A Direct Relationship with the Divine
Our form of worship is based on the belief that there is "that of God in everyone." Friends have proclaimed from the beginning that every person is endowed with the capacity to enter directly, without mediator or mediation, into an empowering holy communion with God. At its best, it can bring direct communion with the source of our spiritual power and knowledge.
We often find that this individual experience of worship is deepened when it is shared with others. Meeting for Worship is central to the life of our spiritual community. As Quakers have done for 350 years, we meet together in expectant silence to experience the Divine Presence, the loving Spirit. Some of us conceive of this as God’s Presence; others among us conceive of it differently. We do not create the encounter, but rather open ourselves to it.
Stillness, Clarity, Revelation
We begin by becoming inwardly still, allowing thoughts that usually fill our attention to recede. As the group settles into stillness, we may increase our awareness to include the whole group or settle more deeply within ourselves. Sometimes, we feel as one in the Spirit, with a sense of timelessness and peace. Sometimes, we gain insight into an issue or problem or clarity about a decision we face. We might revisit an experience we had from a different perspective. The experience is different for each of us each week. This belief in on-going revelation is central to Quaker belief.
From time to time, a message may rise up from a deep place out of the stillness. Some days, no one feels moved to share. Other days, several people share messages over the course of the hour. Our experience is that this sharing invites deeper insights and communal spiritual growth. It knits us together at a deep level, beyond words.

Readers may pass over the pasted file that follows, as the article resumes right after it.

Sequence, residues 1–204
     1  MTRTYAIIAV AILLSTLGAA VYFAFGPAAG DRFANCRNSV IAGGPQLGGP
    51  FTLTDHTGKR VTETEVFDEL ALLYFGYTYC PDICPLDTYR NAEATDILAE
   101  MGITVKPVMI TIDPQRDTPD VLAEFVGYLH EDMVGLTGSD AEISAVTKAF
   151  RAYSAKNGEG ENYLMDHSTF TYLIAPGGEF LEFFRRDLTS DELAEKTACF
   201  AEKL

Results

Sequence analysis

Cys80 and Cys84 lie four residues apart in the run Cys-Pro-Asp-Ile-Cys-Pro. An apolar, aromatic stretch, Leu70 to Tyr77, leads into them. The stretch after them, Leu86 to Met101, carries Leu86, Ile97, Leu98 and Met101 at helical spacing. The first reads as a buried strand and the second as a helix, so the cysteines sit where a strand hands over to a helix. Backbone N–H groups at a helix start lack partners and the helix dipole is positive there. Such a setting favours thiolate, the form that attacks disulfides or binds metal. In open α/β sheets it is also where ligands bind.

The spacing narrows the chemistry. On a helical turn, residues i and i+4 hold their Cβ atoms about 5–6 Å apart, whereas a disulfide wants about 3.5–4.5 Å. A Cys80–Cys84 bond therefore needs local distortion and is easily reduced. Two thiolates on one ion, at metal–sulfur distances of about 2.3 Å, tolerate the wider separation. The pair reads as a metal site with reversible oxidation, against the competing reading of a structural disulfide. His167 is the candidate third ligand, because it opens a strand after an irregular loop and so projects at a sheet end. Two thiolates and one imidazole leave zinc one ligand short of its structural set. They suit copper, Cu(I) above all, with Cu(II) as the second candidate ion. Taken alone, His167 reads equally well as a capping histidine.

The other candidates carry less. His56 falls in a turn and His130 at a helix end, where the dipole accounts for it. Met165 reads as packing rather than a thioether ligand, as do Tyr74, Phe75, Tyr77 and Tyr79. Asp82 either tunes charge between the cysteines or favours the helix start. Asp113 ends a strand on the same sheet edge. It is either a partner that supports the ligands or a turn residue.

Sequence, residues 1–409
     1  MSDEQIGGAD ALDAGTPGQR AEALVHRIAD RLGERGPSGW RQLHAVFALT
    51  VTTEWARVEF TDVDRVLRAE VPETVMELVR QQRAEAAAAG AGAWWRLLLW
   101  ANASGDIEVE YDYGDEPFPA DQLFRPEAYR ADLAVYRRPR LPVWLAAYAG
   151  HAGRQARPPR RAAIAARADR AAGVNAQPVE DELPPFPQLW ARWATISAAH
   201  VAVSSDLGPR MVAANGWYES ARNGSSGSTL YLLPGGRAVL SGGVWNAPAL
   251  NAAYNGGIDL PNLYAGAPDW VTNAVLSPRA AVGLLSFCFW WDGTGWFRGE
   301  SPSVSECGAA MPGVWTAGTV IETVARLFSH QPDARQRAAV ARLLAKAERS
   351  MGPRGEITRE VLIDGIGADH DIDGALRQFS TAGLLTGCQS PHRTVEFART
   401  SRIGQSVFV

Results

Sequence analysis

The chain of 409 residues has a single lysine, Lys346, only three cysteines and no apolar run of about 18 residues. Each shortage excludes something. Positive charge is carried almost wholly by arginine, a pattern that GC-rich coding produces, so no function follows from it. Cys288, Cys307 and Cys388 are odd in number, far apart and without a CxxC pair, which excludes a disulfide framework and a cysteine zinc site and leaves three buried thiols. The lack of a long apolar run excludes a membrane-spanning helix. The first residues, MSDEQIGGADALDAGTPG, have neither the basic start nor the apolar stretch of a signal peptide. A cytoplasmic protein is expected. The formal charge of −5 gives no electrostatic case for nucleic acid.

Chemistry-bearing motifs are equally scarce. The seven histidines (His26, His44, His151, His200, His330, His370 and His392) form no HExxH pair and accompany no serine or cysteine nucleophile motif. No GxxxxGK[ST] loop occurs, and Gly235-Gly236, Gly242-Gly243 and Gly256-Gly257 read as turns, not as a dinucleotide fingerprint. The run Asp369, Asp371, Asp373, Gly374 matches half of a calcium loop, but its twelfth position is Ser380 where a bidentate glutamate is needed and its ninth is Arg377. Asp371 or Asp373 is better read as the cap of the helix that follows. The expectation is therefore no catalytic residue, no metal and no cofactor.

A message has been described as a pebble tossed into a pond. The resulting ripples are received by others in the meeting and may contribute to their own spiritual journeys. A period of silence follows each message so that listeners can absorb it. It is our custom that a person speaks no more than once during a meeting for worship.
Brief messages can carry deep meaning, reaching many others. We strive to receive these messages with openness. It may strike a chord within us, though not all messages will speak to everyone. We do not respond to an earlier message in affirmation, conversation, or rebuttal, though messages are often connected and a theme sometimes emerges. From this worship time we may return to our daily lives reaffirmed in our sense of direction and strengthened by the love and power of the spirit.
Philadelphia Yearly Meeting's webpage About Quakerism
Videos on Quakerism
"When To Speak In Quaker Worship"
QuakerSpeak asked 9 Quakers how to know when you have a message that needs to be shared in worship.
"What Is A Quaker"
Most people are unfamiliar with the Quaker religion, or they confuse us for the guy on the Quaker Oats box. QuakerSpeak asks 6 Friends what it means to be a practicing Quaker.
Meg Lytton, 8/17/2022